Somerville’s Zoning Board of Appeals voted unanimously on Feb. 1 to approve permit requests for a new Winter Hill building complex, representing a major step towards the area’s long-desired revitalization. Located at 299 Broadway, the site of a closed Star Market, the development would consist of two mixed-use buildings, multiple retail spaces and a civic plaza, in addition to a pocket park along Seawall Street.
“[The site] has been a derelict, blighted space since 2008,” Somerville City Councilor-at-Large Jake Wilson said. “I’m really excited to see, honestly, anything happening there, but the fact that [there is] so much good in this project has me particularly excited.”
Development plans for 299 Broadway have passed through multiple iterations over the years. When a proposal to build a discount store at the site was shut down due to neighborhood pushback, the state of Massachusetts gave the city permission to pursue an urban renewal plan instead. Mark Development, a Boston and New York-based company, took the reins, aiming to convert the area into a traditional development project with underground parking.
Then came an obstacle: the discovery of asbestos in the site’s soil, making underground parking impossible.
“That forced us to pivot,” Scott Lombardi, vice president of development at Mark Development, said. “We could either leave the site and decide it was no longer going to be feasible to export all this asbestos-containing material … or get creative and try to do something different.”
Mark Development opted for the second route, partnering with Beacon Communities and RISE Together to release plans for a new, zero-parking building complex. Instead of on-site or underground parking, 299 Broadway will include over 330 bike parking spots and ample outdoor space, with the goal of appealing to residents who are not reliant on cars.
The developers’ revised vision for 299 Broadway also includes increased affordable housing. While the initial proposal contained 310 housing units, 20% of which would be affordable, the new plan includes 288 units, nearly half of which will be affordable.
“[299 Broadway] is a seismic shift from what we’re used to building, but it’s going to be a type of project that will appeal to people and hopefully be a trendsetter for what other people decide to do in the future when they have site logistical challenges like this one,” Lombardi said.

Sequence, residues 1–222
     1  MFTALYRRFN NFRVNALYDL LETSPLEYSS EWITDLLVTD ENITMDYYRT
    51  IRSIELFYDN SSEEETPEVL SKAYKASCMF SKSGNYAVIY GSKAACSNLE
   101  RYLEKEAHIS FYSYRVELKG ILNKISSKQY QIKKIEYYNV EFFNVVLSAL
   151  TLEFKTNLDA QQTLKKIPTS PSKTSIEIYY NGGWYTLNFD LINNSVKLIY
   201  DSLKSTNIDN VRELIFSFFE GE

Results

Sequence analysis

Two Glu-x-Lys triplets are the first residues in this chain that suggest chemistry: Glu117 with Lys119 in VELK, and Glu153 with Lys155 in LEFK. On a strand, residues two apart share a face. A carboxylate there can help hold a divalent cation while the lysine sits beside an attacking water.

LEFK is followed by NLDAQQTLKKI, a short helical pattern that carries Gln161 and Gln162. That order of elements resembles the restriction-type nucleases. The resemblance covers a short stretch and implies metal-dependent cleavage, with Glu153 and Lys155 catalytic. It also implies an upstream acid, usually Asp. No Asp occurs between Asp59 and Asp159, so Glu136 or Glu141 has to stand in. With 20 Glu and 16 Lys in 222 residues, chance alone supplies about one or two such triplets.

While the lack of parking at 299 Broadway will bring sustainability-related benefits, it has raised concern among neighbors who fear there will be increased demand for on-street parking. During the Feb. 1 meeting, the ZBA approved developers’ request to grant 78 parking permits to residents purchasing market-rate housing. Residents of affordable units are automatically eligible.
“As much as we all want a future [where] we’re a self-selecting group of people who choose to live car-free, we’re not quite there yet,” Wilson said. “I think it’s important … to recognize the sacrifice that some people are being asked to make.”
Stephen Moore, a neighbor of 299 Broadway, believes that the benefits of the project outweigh the parking inconveniences that may arise.
“I think this is an opportunity for the community to have a possible jewel in the middle of a working class neighborhood that can enhance the experiences of everybody, not just the people who will benefit by being residents of that development,” Moore said.
Aiming to reduce street traffic, developers have proposed a “Mobility Management Plan,” which was approved by the city. The plan includes measures to make it more feasible to live at 299 Broadway without a car, including giving residents Charlie Cards loaded with $90 and one-month Bluebike memberships. To fund the plan, residents who have parking permits will pay a $50 per month fee.
“I feel like [the developers] did a reasonable job of, through the specifics of the Mobility Management Plan, making sure that the pain will be as minimal as it can be,” Wilson said.
The developers of 299 Broadway have committed to getting Passive House certification: a building accreditation that focuses on reducing energy use for heating and cooling. Among the benefits of Passive House certification are reduced carbon emissions and high air quality.
“One of the great attributes of Passive House is, when you have requirements to ventilate and filter out particulates … you’re going to get fresher air, clean air, inside the apartments, and it’s recirculating so it’s not getting stagnant,” Moore, an architect who is consulting the developers on sustainability measures, explained. “From a standards and practices standpoint, Passive House is about the best you can do for buildings of any sort.”
Lombardi hopes to begin construction by 2024 and for residents to start moving in by 2026.
“My hope is that [299 Broadway will] make [the area] … a destination location,” Ward 4 City Councilor Jesse Clingan said. “Since we don’t have the extended sidewalks that other parts of the city have, that refuge of having that plaza where you might see a neighbor having an ice cream cone or a coffee and be able to catch up, in a way that isn’t like you’re beside the Indianapolis 500 … I just think it’s going to bring new life… new ideas [and] new enthusiasm.”